.005 is fine for a some metal working too, I’ve welded gaps bigger than that. Machining not so much, depending on spec.

Just to be sure you can also check how much runout you have at the arbor flange, if thats excessive you can clean that up a bit.

View Boardman's profile


157 posts in 4321 days

#9 posted 04-27-2009 02:11 AM

There is much talk on these type of forums regarding tolerances, with some people shooting for a couple thou in accuracy. This is pointless in woodworking due to the nature of wood, and it’s ability to absorb and lose moisture, and the resulting changes in net sizes.

We ain’t building the space shuttle.

View Woodchuck1957's profile


944 posts in 4324 days

#10 posted 04-27-2009 02:30 AM

If it can be done on a miter saw, thats where I go.

View Graham's profile


19 posts in 3896 days

#11 posted 04-27-2009 03:54 AM

Thanks folks.

As a software and motion control engineer I am used to working with non-organic materials like tungsten and various steels on the order of 1/10000 of an inch.

As a newcomer to woodworking I have not established a reference tolerance.

I have spent the last month completely rebuilding my new table saw, becuase the manufacturing and engineering is so shoddy compared to what I am familiar with.

I am trying to establish, from seasoned woodworkers, if I should tweak the saw more or would it be good enough for an expert craftsman as I have limited experience with organic materials


View PurpLev's profile


8553 posts in 4208 days

#12 posted 04-27-2009 04:13 AM

0.001 runout on the blade/miter guage is considered more than adequate for fine woodworking. with wood movement and esthetics, I think keeping a working scale of 1/64th for parts should be good enough – I believe that in reality, most times you get much better results than that, also thats what I’m seeing in your post (0.005” variations)... sounds like you got it tuned enough in my opinion, I wouldn’t worry about it too much.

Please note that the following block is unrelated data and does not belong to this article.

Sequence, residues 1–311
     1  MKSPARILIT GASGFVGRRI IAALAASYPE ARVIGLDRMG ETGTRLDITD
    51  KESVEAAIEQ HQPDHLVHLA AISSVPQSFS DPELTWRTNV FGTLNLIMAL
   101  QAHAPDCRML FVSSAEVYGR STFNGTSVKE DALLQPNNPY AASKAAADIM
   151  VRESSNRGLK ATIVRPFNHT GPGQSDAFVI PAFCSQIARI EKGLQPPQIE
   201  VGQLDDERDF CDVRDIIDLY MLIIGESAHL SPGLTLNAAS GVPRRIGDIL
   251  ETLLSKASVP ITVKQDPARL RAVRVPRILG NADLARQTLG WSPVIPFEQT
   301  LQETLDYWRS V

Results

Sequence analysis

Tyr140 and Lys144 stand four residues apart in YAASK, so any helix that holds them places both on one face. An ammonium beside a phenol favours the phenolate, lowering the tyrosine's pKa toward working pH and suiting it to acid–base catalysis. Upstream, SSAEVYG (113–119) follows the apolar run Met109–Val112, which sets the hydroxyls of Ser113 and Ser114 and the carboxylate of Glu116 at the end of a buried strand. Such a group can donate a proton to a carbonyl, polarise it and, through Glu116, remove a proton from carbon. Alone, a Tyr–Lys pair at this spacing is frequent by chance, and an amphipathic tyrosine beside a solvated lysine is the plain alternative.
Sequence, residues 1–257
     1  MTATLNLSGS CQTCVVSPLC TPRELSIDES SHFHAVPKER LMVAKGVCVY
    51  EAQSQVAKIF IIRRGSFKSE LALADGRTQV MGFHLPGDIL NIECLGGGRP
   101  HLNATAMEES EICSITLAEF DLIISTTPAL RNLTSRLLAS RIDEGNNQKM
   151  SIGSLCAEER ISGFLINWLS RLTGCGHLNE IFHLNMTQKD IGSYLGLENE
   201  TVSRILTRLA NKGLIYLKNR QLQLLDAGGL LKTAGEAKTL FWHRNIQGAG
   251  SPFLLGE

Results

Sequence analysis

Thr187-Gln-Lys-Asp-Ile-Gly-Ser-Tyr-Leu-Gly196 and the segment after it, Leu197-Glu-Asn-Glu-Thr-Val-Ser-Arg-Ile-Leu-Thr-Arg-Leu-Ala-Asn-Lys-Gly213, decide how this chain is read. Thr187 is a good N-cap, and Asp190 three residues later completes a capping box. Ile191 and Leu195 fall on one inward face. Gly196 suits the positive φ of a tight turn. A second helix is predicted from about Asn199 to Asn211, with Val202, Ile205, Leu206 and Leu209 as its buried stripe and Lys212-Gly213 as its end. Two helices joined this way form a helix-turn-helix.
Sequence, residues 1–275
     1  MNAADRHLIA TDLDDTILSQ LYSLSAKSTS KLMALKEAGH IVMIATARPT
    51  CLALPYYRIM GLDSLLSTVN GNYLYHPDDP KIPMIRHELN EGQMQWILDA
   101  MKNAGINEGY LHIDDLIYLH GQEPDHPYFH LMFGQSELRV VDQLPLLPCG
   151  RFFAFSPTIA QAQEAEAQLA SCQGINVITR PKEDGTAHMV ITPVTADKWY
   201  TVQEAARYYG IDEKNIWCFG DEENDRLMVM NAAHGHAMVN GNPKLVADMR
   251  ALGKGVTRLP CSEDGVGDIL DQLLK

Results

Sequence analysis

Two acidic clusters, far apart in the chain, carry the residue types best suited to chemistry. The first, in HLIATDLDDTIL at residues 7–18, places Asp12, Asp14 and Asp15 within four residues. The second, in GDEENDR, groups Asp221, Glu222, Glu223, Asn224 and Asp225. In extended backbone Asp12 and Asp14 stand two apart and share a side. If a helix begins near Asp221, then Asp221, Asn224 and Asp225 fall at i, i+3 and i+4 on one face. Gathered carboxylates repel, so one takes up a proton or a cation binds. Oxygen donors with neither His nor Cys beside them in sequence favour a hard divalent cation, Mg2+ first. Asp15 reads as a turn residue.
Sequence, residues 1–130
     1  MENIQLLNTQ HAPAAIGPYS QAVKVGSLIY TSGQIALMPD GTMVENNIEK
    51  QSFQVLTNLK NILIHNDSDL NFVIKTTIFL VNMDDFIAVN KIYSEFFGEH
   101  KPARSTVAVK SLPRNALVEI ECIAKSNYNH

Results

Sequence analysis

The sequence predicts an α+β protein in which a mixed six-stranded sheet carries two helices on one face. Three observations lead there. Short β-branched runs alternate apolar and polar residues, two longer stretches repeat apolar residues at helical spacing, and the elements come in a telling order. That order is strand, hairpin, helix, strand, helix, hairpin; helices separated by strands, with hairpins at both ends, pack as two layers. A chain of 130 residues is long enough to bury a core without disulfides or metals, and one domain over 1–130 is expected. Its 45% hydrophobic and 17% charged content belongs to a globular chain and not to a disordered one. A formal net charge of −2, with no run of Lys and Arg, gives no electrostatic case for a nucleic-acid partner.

althought, I’m surprised you’re getting those variations using an Incra miter gauge… heres what you should check:

1. miter gauge bar has no slop in the miter slot – use the plastic expandable washers to tighten the bar up.
2. make sure you butt the board to the stop, and keep an even pressure against it everytime (making sure that all pieces are pushed equally to the same stop spot)

in addition you could:

3. build a cross cut sled – using 2 runners, would eliminate more of that sloppiness in the slots, and give you a better safer way to crosscut in general

or even:

4. (as woodchuck suggested) use a mitersaw for cross cuts, if you really want the safest, and easiest way about it (space and budget allowing it)

-- ㊍ When in doubt - There is no doubt - Go the safer route.

View TopamaxSurvivor's profile


18741 posts in 4236 days

#13 posted 04-27-2009 04:14 AM

A master rifle maker once told me about tolerances, if it’s not distracting to the piece, it’s close enough.

-- Bob in WW ~ "some old things are lovely, warm still with life ... of the forgotten men who made them." - D.H. Lawrence

View Graham's profile


19 posts in 3896 days

#14 posted 04-28-2009 05:05 AM

Thanks PurpLev and Topa. That helps me start to establish a tolerance reference. I was able to get the blade runout down to less than 1/4 of a thousandths, which is about down to the noise in the indicator.

After reading my initial post I don’t think I was clear.

All of the pieces cut to the exact same length were dead nuts on relative to each other, but the absolute length was off by 0.000” to 0.005”. So it is extremely repeatable, but not completely on in absolute terms.

Tomorrow my Oneida Dust collector arrives, so I am pretty excited about that. On Friday my Incra TS-LS table fence arrives.

Be well,

View Don K.'s profile

Don K.

1075 posts in 3886 days

#15 posted 04-28-2009 05:37 AM

Wow…for a guy just starting out in wood working, your starting off with some good tools.

-- Don S.E. OK